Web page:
The Cut (New York Magazine), Elizabeth Warren’s Classroom Strategy:
A lifelong teacher, she’s the most professorial presidential candidate ever. But does America want to be taught?
The story of Elizabeth Warren’s career in education — at least in legal education — begins with one word: assumpsit. It is literally the first word of the first case she had to read for the first class she ever took as a 24-year-old law student at Rutgers University in 1973. She has recalled, in vivid detail, the fear and confusion she’d felt as a young mother, former public-school teacher, and unlikely law student when her first law professor walked into the room and called on a student whose name began with A, asking her, “Ms. Aaronson, what is ‘assumpsit’?” Ms. Aaronson had not known, and neither had the next several students he called on after her. Ms. Warren also had not known what assumpsit meant, despite having done the reading for the day.
Since her last name was at the end of the alphabet, Warren was spared public humiliation, but she left her first law-school class badly shaken, with a degree of clarity about how she must move forward: “Read all the words and look up what you don’t know.”
In the following years, Warren became a law-school professor: first teaching night classes at Rutgers and eventually landing at Harvard, where she worked for 16 years before becoming a U.S. senator from Massachusetts in 2013.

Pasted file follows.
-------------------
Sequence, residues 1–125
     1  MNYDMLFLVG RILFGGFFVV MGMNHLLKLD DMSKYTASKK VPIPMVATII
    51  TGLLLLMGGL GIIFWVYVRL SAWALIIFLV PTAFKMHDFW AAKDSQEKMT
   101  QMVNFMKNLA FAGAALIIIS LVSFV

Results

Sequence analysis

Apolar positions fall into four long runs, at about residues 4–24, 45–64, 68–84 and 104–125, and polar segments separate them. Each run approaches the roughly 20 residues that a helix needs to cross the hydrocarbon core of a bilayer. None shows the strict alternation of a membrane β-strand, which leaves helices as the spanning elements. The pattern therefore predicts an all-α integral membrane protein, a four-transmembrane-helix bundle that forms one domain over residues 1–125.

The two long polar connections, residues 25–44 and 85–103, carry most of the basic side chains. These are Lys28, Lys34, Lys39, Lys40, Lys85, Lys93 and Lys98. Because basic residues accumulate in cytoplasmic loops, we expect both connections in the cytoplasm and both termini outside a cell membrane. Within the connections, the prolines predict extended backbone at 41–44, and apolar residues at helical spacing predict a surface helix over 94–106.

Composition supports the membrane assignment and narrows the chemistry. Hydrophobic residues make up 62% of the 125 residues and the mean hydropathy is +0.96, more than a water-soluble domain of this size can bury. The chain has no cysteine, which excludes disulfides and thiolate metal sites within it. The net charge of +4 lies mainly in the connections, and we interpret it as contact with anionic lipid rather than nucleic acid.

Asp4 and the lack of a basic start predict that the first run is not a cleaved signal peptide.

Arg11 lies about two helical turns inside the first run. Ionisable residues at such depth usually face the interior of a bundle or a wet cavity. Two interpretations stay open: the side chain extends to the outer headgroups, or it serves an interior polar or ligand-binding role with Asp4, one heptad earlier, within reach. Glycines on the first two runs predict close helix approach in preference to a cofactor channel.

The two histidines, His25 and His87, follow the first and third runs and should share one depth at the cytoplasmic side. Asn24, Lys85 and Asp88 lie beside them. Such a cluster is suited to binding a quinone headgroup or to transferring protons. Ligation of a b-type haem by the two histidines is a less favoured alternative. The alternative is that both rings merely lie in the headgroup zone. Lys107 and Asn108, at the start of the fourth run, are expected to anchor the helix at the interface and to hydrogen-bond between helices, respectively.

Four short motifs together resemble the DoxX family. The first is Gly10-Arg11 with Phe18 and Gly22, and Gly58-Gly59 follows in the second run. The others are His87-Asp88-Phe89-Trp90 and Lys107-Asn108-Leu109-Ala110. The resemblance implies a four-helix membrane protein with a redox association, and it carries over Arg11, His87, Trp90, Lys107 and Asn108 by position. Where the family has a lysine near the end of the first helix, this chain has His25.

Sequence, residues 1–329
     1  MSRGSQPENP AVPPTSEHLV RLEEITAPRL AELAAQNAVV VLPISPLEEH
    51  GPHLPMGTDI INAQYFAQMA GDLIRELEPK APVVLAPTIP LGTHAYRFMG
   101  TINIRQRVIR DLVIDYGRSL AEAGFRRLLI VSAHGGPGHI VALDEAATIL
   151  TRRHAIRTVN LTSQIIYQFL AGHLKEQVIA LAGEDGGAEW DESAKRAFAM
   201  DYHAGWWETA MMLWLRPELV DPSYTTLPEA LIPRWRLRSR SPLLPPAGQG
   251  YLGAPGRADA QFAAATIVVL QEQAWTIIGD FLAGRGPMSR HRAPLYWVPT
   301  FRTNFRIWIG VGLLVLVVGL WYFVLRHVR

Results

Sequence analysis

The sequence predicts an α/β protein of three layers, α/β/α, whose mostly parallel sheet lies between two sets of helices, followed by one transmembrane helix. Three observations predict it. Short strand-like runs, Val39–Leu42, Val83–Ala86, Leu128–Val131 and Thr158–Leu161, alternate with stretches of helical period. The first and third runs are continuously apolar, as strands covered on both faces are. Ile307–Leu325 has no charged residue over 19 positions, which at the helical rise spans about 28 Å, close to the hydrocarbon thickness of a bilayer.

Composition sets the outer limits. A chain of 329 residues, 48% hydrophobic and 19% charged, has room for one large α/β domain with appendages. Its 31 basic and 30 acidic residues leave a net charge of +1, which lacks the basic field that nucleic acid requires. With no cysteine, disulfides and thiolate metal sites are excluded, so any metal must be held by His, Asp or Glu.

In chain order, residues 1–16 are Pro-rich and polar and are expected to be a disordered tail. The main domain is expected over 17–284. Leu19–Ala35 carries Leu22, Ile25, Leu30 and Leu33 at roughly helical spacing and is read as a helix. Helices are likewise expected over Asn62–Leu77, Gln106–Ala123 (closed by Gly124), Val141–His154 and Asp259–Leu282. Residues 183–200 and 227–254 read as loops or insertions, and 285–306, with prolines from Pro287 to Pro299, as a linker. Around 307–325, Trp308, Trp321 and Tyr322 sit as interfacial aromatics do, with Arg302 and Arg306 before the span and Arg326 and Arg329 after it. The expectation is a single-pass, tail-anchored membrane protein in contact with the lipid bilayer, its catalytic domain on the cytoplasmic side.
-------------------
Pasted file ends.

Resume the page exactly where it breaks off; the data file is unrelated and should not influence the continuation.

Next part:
In 1999, more than 20 years after Warren attended her first law class at Rutgers, Jay O’Keeffe, who now works as a consumer-protection lawyer in Roanoke, Virginia, attended his first law class at Harvard. It was taught by Warren. “She did not say anything like ‘Hello’ or ‘I’m Liz Warren, and welcome to Contracts,’ ” O’Keeffe recalled. “Instead, she put her books down, looked over her glasses at her seating chart, and said, ‘Mr. Szeliga, what’s ‘assumpsit’?’ ”
Assumpsit — which, Warren told me, “means that the action is in contract rather than in tort” — became Professor Warren’s calling card, though she says no matter how widely advance warnings spread, 96 percent of new law students would walk in unprepared for it. When Joseph Kennedy III introduced Warren at the Democratic National Convention three summers ago, the Massachusetts representative and grandson of Robert Kennedy recalled his “first day of law school, my very first class” in 2006, during which he had been the unlucky mark: “Mr. Kennedy, do you own a dictionary? That’s what people do when they don’t know what a word means; they look it up,” he recalled her saying during his public immolation. “I never showed up unprepared for Professor Elizabeth Warren ever again.”
“Yes, I do to my students what my teacher did to me,” Warren said gleefully, as she drank tea on her Cambridge sunporch in July. She spoke in the present tense, as she often does, about her teaching career, even though it’s been more than eight years since she has commanded a classroom.
So much of Warren’s approach to pedagogy can be understood via the assumpsit gambit: With it, she establishes direct communication and affirms that she’s not going to be doing all the talking or all the thinking; she’s going to be hearing from everyone in the room. By starting with a question that so many get wrong but wind up learning the answer to, she’s also telegraphing that not knowing is part of the process of learning.